Does it ever make sense to buy a new car?
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Thread: Does it ever make sense to buy a new car?

  1. #1
    Registered User
    Join Date
    Jul 2018

    Default Does it ever make sense to buy a new car?


    I?m approaching the end of my Camry lease in July. After making some moronic decisions with my past 2 car purchases I want to make the best possible decision this time. I recognize that a car is not an investment as it just depreciates but I want to be conscious of the total cost of ownership as well as safety features with this purchase. I?ve saved up 17k ontop of my emergency fund which I can either use to buy out my 2015 Camry lease residual, buy a different used vehicle, or put a large down payment on a new car, preferably a 2018 Camry. If I buyout my lease I?ve eliminated car payments and have a low mileage 2015 Camry with a residual that should be just under market value. The issues are I didn?t exactly baby the car in the past 3 years as I wasn?t anticipating buying it out. Also, the car is lacking many of the safety features I wanted to upgrade to as I anticipate my wife and I having kids in the next couple years. In my head, perhaps because my father told me ?never buy new? I feel like a sucker buying new as I would be the one taking the depreciation hit and would be committing to more monthly payments. On the upside I make over 200k and could easily pay it off quickly, I?d be getting every safety/convenience feature I want, and would get the benefit of the new warranty.Lastly, I?ve ruled out buying a heavily used car as I had my fair share of those in my life and am not mechanically inclined enough to identify a good/bad deal or handle repairs myself. If you were in my position what would you do? Does it ever make sense to buy new over used with a car like a Camry?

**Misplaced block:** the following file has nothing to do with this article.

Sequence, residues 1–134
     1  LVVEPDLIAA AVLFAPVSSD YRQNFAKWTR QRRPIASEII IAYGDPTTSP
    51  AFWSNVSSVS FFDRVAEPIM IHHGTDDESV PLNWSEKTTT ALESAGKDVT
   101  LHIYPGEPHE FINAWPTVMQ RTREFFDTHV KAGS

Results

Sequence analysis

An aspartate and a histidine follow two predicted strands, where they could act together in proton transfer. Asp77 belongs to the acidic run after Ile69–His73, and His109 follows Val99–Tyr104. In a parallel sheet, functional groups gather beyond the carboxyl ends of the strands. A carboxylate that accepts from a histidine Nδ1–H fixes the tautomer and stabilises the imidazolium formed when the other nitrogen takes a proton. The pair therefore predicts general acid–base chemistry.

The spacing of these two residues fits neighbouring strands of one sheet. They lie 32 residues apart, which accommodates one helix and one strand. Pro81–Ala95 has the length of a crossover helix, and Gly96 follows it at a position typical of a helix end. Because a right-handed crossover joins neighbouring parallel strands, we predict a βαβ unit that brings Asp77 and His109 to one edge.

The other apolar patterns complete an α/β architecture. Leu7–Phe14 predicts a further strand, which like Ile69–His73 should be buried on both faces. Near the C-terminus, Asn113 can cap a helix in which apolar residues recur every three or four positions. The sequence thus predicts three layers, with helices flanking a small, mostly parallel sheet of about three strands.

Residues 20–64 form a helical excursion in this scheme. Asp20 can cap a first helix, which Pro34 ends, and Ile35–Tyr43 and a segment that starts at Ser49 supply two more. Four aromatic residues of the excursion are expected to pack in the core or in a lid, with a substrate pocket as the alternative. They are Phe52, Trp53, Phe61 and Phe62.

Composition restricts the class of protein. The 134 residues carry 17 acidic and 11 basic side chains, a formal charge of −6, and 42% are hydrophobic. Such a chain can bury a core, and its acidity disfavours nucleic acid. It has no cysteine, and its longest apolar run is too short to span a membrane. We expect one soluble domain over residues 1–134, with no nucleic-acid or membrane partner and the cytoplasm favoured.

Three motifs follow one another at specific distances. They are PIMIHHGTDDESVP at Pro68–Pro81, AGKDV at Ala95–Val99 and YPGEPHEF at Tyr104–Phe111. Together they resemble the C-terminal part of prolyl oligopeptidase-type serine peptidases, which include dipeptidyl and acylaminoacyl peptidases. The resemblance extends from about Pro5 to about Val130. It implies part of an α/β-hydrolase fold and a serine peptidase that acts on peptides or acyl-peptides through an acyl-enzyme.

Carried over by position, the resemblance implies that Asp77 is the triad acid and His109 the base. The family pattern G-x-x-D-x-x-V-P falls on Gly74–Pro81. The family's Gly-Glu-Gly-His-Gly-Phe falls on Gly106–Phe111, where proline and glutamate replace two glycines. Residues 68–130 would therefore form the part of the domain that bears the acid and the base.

Please help.

    I didn't find the right solution from the Internet.

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  2. #2
    Registered User
    Join Date
    Sep 2014
    East Yorkshire


    In recent years I have bought two cars from factory dealerships, - one a Seat, one a Toyota. They were both second hand with about 50k miles on the clock, but with dealer service history. In my experience of these two purchases, the dealers only sell what they consider to be the best of the used cars that come their way, the others get passed into the trade. Prices are not as low as can be found in other places, including private sales, but you get a good used car that's already done most of its depreciation, sold by a dealer whose good name is not worth them supplying dodgy motors.

    I found in both cases the dealers were not willing to negotiate on price, but were willing to put right minor blemishes etc, and sell with a full MOT - in both cases they were MOTd after I bought them so were sold with 12 months MOT.

    In both cases after one- and three-years respectively, the cars have proven to be reliable and trouble-free.

    I wouldn't buy a new car.

    I wonder why you have posted this question on this forum - have you an interest in our cars?